Making and drinking tea can mean so many different things in so many situations. I have celebrated happy moments with a pot of tea, commiserated with friends over a pot of tea, shared secrets, celebrated engagements, and restored frazzled spirits, all with tea. When welcoming visitors into my home, my hands reach to fill the kettle and arrange the cups and saucers almost by themselves. In the face of bad news, I have almost sleepwalked to the kettle. Sometimes tea is the only way to celebrate, sometimes the ritual of it feels like the only thing anchoring you to the ground.
Having walked all the way to the end of the longest pier in the world at Southend-on-Sea on Saturday morning, we discovered a little shop selling things to raise money for the wonderful work of the Royal National Lifeboat Institution. It is hard to believe that such vital work relies on charity. So you can imagine I was more than happy to do my bit and contribute - particularly as they were selling boxes of Lifeboat Tea, with a proportion of the profits going to the charity.
We brewed our first pot yesterday, and it was really delicious - rich, strong and fragrant. The only problem is that when we want more, it is a long way to the end of the pier! 1.3 miles, in fact. We walked down, and it was just the perfect weather for it. Warm and sunny enough for it to be pleasant, but without having to worry about burning, and enough breeze to make it really comfortable. As we walked along, we passed several rows of benches, facing out to sea. I couldn't help but think it would be lovely to spend an entire day on the pier, watching the waves, and knitting. Then I got to imagining Miss Marple on her holidays, sitting and knitting and watching, and wondering if she would prevent a murder by observing those around her, and using a few well chosen words. I think there was a Poirot where he was on holiday and warned someone about a murder - and it turned out he was warning the would-be murderer not to do it, although you don't realise that at the time. Come to think of it, I wonder what would have happened if Miss Marple had been sitting and knitting on the pier, and Hercule Poirot wandered past, on his own holidays.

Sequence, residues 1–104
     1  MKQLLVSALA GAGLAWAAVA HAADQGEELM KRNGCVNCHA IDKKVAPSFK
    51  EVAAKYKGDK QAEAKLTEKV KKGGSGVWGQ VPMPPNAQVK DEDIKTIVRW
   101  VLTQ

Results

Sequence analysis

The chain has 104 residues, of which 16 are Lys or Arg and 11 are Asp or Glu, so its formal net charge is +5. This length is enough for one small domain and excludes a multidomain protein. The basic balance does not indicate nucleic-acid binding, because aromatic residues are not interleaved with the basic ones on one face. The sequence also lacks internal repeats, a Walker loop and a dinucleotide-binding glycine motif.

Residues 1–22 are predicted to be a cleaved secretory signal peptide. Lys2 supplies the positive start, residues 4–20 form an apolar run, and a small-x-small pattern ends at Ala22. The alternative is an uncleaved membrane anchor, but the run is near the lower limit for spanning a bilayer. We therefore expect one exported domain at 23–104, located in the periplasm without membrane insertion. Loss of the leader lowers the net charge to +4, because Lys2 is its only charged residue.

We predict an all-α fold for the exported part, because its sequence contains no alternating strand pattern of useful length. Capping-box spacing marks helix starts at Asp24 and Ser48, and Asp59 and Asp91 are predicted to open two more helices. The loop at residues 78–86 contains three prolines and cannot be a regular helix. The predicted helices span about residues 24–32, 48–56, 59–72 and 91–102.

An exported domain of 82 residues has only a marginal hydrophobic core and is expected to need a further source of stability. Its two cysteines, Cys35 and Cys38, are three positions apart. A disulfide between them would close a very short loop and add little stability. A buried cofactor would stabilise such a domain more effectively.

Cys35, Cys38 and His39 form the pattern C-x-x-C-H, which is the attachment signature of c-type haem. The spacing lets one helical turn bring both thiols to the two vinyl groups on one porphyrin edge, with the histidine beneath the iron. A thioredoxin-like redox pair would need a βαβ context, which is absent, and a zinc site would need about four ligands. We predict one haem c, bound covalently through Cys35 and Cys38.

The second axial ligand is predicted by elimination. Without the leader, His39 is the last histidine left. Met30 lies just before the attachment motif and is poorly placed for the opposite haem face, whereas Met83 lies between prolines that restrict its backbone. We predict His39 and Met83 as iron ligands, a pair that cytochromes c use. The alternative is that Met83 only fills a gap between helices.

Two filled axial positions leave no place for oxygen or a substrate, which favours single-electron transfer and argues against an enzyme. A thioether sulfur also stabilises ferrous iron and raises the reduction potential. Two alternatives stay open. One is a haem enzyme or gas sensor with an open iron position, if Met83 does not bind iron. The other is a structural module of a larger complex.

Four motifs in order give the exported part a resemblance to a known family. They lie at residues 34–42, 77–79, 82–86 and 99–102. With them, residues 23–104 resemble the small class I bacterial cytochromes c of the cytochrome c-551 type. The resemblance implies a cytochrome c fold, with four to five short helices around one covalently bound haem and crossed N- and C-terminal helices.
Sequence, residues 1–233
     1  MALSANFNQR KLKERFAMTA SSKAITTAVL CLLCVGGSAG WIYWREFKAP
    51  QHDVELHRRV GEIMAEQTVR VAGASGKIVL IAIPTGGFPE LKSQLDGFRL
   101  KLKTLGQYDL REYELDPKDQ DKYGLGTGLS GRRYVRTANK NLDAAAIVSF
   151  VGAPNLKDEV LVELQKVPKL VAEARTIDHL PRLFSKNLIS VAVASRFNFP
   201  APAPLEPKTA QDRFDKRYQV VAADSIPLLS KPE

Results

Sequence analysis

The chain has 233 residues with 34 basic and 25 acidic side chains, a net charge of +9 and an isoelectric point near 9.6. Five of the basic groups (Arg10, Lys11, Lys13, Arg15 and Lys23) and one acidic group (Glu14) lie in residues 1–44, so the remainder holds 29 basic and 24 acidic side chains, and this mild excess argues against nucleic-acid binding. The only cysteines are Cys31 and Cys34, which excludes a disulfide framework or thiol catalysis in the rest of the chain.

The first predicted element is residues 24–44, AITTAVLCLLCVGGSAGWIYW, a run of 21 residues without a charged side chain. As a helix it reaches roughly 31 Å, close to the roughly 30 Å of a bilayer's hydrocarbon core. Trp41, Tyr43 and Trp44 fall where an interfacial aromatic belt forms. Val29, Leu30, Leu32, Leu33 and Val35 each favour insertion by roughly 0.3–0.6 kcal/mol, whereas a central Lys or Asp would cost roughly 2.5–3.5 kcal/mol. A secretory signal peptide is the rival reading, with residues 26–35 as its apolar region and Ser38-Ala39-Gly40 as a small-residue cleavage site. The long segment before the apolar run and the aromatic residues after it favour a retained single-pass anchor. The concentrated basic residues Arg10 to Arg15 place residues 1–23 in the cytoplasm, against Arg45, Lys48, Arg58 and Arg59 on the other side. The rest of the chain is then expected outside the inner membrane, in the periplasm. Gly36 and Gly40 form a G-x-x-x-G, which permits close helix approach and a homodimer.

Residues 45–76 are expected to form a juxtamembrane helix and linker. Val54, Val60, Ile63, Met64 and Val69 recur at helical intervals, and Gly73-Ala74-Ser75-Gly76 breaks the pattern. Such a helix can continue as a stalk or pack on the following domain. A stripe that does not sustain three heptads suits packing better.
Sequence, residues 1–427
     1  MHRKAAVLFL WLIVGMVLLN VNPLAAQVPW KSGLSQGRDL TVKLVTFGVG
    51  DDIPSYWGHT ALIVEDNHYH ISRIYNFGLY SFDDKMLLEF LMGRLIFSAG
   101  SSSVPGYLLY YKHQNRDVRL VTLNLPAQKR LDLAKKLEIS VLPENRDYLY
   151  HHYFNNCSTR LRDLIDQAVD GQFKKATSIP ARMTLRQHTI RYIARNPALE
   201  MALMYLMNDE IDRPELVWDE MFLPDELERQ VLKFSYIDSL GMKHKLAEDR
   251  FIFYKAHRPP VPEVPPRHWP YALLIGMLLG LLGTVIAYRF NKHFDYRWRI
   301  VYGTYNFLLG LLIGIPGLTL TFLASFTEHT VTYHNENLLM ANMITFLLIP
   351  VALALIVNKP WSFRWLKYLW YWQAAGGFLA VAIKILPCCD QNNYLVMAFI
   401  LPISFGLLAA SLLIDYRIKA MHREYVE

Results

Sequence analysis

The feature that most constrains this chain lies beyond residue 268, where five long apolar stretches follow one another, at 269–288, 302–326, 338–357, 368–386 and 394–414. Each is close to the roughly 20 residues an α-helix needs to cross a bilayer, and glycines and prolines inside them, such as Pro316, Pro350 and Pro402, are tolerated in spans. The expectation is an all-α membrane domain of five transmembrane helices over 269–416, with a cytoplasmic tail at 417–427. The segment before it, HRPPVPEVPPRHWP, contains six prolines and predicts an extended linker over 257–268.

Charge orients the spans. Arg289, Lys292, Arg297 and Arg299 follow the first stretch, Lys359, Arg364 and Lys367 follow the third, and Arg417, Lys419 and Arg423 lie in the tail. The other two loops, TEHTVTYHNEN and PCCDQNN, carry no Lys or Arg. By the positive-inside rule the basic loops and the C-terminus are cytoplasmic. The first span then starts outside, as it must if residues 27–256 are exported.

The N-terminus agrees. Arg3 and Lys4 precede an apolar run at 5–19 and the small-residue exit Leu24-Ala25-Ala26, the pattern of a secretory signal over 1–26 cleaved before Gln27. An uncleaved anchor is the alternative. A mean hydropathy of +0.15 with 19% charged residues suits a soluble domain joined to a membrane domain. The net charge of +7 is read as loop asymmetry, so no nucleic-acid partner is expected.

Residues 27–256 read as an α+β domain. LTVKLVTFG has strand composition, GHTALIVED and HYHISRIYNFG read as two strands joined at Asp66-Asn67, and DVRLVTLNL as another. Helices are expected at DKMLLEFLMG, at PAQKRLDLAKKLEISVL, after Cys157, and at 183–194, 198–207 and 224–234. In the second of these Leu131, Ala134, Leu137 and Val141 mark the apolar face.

Perhaps I have Poirot and Marple in mind because of the other souvenir I bought from the shop at the end of the pier - a copy of The Floating Admiral which was first published in the thirties, and was written by a group of crime club authors - including Agatha Christie. Each one wrote a chapter, and then passed it onto the next - a kind of game of literary consequences.
Although a lot of the seafront at Southend is filled with arcade amusements and the like, and there is a whole mini theme-park right next to the pier, the pier itself is refreshingly unspoilt. Even when you get to the end, there is a place to buy an ice-cream, a place for lunches, and the RNLI shop, but nothing gaudy. There is a train line that runs along the pier, so that you can ride the train either there-and-back or just one way as you prefer. We were happy to catch the train back, and actually got more of an impression of the length of the pier from the steady constant slow speed of the train, rather than our somewhat irregular perambulations!
All that fresh sea air made me sleepy that evening, and I slept really well. Oh I do like to be beside the sea-side...